Monday Meditation ~ Elegance via coco

I recently watched Coco before Chanel (again) and realized that Chanel makes smoking look desirable. Seriously I think she made it appear chic…effortless…elegant.


This was of course recreated again and again throughout the movie by Andrey Tatou

coco-Andrey tatou

Bad habits (in my opinion) aside Chanel was a dynamic woman way ahead of her time. Or perhaps simply out of time with the world in which she lived.

Inspired I drew a sketch. I wanted to practice illustrating leather especially after discovering these studded Chanel Boots. So here is my Coco along with the words of the one and only…..


“A woman has the age she deserves.”

“There is no time for cut-and-dried monotony. There is time for work. And time for love. That leaves no other time!”

“Elegance does not consist in putting on a new dress. Elegance is not the prerogative of those who have just escaped from adolescence, but of those who have already taken possession of their future. Elegance is refusal.”

“Fashion is not something that exists in dresses only. Fashion is in the sky, in the street, fashion has to do with ideas, the way we live, what is happening. Fashion fades, only style remains the same. Look for the woman in the dress. If there is no woman, there is no dress.”

“Some people think luxury is the opposite of poverty. It is not. It is the opposite of vulgarity. Luxury must be comfortable, otherwise it is not luxury.”

“Hard times arouse an instinctive desire for authenticity.”

“Since everything is in our heads, we had better not lose them.”

“In order to be irreplaceable one must always be different.”

“There are people who have money and people who are rich.”

by Gabrielle Bonheur “Coco” Chanel (19 August 1883 – 10 January 1971),  a pioneering French fashion designer

Nicknames ~ Great Dane

Angela Vasquez-Giroux poses this question “What if names, nicknames, don’t simply attach a series of sounds to make it easier to communicate, but actually somehow denote and in turn FORM the essence of the thing they’re pointing to?” In her article The importance of being Ernie, not Ernest, or, how nicknames make legends. She concludes that nicknames offer a direction, something to become and begin the prophetic cycle of a legend. Without them who would they be?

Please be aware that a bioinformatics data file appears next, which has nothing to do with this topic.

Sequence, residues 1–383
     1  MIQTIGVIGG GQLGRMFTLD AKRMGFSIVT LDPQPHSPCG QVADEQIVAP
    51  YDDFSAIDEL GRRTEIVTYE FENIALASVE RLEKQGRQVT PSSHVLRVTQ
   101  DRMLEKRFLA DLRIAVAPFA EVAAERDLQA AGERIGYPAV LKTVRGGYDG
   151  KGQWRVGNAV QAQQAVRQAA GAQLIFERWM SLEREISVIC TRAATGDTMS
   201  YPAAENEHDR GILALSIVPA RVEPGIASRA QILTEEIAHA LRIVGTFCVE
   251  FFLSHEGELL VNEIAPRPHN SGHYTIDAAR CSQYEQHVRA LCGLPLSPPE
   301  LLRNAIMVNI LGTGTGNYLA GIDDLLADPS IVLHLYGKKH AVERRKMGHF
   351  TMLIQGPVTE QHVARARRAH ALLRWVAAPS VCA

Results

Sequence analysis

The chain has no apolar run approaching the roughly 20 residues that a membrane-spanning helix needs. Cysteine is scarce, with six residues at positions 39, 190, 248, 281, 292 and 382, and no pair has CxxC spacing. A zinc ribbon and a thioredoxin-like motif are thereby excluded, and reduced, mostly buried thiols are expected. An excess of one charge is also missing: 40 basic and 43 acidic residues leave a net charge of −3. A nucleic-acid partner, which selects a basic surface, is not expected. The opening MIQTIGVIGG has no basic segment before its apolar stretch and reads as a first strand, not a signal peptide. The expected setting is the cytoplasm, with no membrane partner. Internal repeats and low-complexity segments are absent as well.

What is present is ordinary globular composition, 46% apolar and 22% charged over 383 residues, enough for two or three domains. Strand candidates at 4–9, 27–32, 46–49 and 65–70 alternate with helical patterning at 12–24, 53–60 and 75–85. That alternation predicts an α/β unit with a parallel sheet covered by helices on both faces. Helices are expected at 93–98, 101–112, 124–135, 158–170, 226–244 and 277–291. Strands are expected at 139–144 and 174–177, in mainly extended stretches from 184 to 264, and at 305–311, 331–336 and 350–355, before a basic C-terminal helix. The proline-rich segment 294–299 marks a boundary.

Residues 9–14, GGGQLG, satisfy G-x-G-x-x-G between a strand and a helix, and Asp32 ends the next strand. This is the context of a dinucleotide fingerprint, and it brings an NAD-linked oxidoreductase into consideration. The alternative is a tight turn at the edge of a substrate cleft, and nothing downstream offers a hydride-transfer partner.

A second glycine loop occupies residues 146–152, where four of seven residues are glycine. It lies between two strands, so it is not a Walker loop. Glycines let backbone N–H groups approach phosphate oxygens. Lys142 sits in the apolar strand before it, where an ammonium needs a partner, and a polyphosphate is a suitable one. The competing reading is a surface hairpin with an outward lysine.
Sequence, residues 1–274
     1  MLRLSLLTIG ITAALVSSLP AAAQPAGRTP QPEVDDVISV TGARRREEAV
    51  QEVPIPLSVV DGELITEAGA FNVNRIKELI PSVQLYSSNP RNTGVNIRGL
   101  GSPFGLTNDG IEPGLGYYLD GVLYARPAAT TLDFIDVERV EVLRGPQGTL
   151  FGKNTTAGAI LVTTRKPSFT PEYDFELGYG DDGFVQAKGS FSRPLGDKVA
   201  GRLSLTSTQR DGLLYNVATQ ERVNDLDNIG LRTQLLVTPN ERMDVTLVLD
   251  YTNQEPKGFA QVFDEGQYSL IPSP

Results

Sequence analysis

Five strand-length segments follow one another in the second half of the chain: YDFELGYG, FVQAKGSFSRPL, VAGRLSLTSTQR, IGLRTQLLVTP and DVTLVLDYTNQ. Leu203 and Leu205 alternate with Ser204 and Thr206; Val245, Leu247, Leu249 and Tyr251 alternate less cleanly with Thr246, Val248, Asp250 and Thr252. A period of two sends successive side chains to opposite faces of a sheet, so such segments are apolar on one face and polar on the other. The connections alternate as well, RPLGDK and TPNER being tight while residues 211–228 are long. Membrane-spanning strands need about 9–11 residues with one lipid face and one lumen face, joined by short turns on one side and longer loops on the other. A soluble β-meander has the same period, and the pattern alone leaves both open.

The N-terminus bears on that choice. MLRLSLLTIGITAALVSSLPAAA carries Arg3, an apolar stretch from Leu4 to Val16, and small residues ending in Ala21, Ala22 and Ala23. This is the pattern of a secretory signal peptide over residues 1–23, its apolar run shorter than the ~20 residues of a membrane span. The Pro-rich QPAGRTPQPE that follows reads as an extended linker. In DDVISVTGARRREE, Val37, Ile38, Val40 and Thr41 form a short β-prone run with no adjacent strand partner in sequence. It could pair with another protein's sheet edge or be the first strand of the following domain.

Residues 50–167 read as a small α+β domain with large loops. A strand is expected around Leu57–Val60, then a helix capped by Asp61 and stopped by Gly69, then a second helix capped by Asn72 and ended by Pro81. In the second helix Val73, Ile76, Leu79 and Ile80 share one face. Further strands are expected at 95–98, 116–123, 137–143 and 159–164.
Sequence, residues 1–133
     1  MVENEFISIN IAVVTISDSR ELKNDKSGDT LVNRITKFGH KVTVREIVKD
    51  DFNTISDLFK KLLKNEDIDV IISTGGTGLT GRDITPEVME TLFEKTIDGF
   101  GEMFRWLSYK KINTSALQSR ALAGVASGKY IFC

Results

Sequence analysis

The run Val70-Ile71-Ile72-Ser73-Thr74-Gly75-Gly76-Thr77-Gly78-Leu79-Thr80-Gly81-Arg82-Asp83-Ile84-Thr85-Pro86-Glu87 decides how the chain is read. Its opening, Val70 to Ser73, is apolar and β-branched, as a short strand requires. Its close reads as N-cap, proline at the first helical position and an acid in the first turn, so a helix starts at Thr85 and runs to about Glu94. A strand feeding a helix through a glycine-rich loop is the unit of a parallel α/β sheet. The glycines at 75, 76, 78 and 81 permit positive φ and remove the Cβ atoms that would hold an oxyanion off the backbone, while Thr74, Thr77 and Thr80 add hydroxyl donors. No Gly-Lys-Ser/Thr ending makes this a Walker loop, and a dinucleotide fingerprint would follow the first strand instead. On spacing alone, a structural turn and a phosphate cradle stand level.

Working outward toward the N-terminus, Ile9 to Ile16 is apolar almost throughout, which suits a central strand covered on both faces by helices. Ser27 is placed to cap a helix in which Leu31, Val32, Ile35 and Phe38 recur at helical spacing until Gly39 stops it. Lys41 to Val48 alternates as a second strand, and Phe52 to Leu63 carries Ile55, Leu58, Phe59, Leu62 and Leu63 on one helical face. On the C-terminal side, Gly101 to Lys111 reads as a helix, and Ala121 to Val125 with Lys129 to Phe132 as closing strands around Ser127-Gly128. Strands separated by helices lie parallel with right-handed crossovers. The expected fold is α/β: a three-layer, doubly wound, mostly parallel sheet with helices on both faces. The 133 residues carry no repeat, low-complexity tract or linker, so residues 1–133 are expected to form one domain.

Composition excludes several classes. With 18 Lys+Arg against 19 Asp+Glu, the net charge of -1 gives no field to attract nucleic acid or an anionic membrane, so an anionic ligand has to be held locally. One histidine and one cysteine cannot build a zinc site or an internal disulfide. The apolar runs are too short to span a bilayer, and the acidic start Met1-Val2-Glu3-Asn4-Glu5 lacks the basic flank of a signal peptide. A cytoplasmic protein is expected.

Dana does not lend itself easily to nicknames, thank goodness. Of the few I have had over my lifetime, the one I have kept, the one that has lasted is “Great Dane”. Not being a fan of nicknames I am glad no one calls me it any more but in 8th grade at 5’ 11” it seemed to fit. Then the other day I came across this photo; Coco Chanel and a Great Dane and there in the essence of this simple image “Great Dane” was reborn.

Most of us have been given a nickname at least once in our lives. Sometimes they are considered desirable, giving us a feeling of acceptance or belonging in a group but I have found more often they can be a form of ridicule. That Additional description “four eyes”, “brainiac”, “lefty”, “string Bean” that seems to stick. Your mom calls you “Sweet pea” as if a subliminal cue to how she wishes you would act. Or you secretly refer to your “Monster-in-law”.  Any wonder why I am not fond of nicknames.